• Thu, 18 May 2006
    Post by Mark Oehlert

    I feel your pain. My background is in history and it has always bothered me that everyone and their brother thinks because they heard someone talking head say something about the Founders - that they know about the history of the US. Kind of invalidates all the years of grad school and research and writing you know? I''m not the biggest fan of arguing over semantics but I really think that the choices that marketing departments probably have made in this industry have really hurt. This gets to why its so hard to determine the ROI of e-learning - simply because that''s the wrong thing to try to measure. You''re either trying to measure the effectiveness of an instructional model of the change in performance of a student. Hmmm...

  • Thu, 18 May 2006
    Post by Michael Feldstein

    John, the excellent point you make merits further consideration by the industry. The formula giving students learning objects and assessing them on simplistic behavior learning objectives is nothing more than long-disproved Skinnerian behaviorism. We need something better. Mark, you''ve put your finger on the crux of the problem with the way we think about teaching and learning--whether or not that learning happens to be "e". The reason that "e-Teaching" is a less salable term than "e-Learning" is because people fundamentally don''t believe there''s such a thing as pedagogy (or androgogy, or whatever). And the reason they don''t believe there''s any such thing as pedagogy is because they don''t believe (or don''t think about) the cognitive process inside the student''s head that intermediates between the transmission of information and the acquisition of knowledge (i.e., learning). Lacking a concept of pedagogy, a teacher is simply someone who tells facts with enthusiasm. But if we recognize that there are these intermediating cognitive processes, and that there is a craft to constructing experiences such that these cognitive processes are more likely to be engaged by the student, then "teaching" becomes a word with substance again.

  • Thu, 18 May 2006
    Post by Mark Oehlert

    Right on Michael. I also hope people don''t skip past that first paragraph - powerful stuff - people learn. E-learning isn''t something that can be sold, more accurately, its actually when people use something electronic in the process of learning. All learning is "mobile" unless someone is bed-ridden. The more accurate (but less saleable) terms would actually be something like e-teaching, e-instruction or EPSS. No learning management systems exist outside learners'' heads. Take away that foundational "object" and the whole semiotic house of cards tumbles!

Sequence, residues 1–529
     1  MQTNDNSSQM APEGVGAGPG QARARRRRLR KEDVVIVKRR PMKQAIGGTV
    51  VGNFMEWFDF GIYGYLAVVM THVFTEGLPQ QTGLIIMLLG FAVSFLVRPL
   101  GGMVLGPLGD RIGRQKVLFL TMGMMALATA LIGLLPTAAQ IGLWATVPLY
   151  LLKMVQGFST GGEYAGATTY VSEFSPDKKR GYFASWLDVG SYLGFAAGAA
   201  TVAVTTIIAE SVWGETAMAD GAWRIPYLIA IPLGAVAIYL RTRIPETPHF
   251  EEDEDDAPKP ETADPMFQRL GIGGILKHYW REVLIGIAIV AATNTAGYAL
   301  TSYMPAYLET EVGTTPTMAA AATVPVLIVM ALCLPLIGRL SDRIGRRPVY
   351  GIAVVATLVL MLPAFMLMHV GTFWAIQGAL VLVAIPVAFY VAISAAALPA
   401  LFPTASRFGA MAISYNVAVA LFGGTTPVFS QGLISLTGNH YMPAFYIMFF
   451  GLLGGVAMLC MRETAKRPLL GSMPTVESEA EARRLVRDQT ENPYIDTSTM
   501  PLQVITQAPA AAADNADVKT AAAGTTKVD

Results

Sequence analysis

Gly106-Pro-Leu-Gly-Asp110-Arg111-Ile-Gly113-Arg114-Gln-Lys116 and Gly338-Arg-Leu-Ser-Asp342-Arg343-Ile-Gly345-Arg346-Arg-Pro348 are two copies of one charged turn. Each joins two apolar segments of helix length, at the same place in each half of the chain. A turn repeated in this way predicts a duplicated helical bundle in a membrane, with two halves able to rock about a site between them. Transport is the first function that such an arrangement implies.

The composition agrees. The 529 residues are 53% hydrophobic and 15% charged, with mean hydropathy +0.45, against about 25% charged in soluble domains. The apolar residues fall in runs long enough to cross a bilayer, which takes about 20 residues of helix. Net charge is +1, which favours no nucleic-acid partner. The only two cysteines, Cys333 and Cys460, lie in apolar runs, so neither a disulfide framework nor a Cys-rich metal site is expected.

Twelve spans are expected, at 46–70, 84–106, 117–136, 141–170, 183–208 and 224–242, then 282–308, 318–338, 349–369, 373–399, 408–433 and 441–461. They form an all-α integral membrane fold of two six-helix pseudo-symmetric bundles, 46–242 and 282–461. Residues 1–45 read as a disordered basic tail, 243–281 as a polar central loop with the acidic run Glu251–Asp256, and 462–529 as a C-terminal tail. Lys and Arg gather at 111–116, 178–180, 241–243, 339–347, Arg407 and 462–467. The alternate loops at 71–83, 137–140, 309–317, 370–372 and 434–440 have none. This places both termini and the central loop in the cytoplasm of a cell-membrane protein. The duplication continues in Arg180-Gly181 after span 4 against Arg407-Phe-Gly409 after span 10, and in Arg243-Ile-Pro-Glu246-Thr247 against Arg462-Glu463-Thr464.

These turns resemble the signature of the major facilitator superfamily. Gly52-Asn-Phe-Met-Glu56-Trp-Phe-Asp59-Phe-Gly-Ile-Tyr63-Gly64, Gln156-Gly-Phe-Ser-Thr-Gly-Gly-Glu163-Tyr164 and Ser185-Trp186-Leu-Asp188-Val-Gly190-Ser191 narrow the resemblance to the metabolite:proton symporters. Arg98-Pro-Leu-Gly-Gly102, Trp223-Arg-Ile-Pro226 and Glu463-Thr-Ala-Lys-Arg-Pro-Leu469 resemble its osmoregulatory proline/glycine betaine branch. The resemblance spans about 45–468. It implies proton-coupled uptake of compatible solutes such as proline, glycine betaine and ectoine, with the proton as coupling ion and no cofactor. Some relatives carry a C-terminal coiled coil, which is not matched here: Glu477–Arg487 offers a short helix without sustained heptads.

• Wed, 17 May 2006
    Post by John Jenkins

    Could not agree with you more. That is why the U.S. Navy has recently stressed Performance, Performance, Performance. Alas we still kept the old Learning and Terminal objectives. Nothing like beating a dead horse - again.

  • Wed, 17 May 2006
    Post by Jim Beeler

    Mr. Feldstein you are correct in that it appears we need to personalize learning, the act of learning, as opposed to the learned object. Mr. Nichols, I disagree. What failed in the 60s and 70s was an assumption that all will learn equally given the chance. Aside from a small percentage, everyone learns...the issue becomes in what time frame? Self-pace has worked for as long as print. An enormous amount of people learn from reading books. Some from watching video. The self-paced you refer to is, for the most part, a failure to learn within requisite time. Learning occurred, just not within the time allowed for the schoolhouse.

  • Wed, 17 May 2006
    Post by Mike Nichols

    Thank you seems that technology is the master, and we chase it where ever it goes...while at the same time we abondon stable products that have worked well for decades. Technology is our "master" seems like...BUT we (people & the mission) should be the master and technology should be the "slave" to the mission... We tried all this self-pace stuff in the late 60 and 70s...didn''t work then, and won''t now...we don''t do our research, and are expecting different results, but we are doing the same stuff....the definition of what?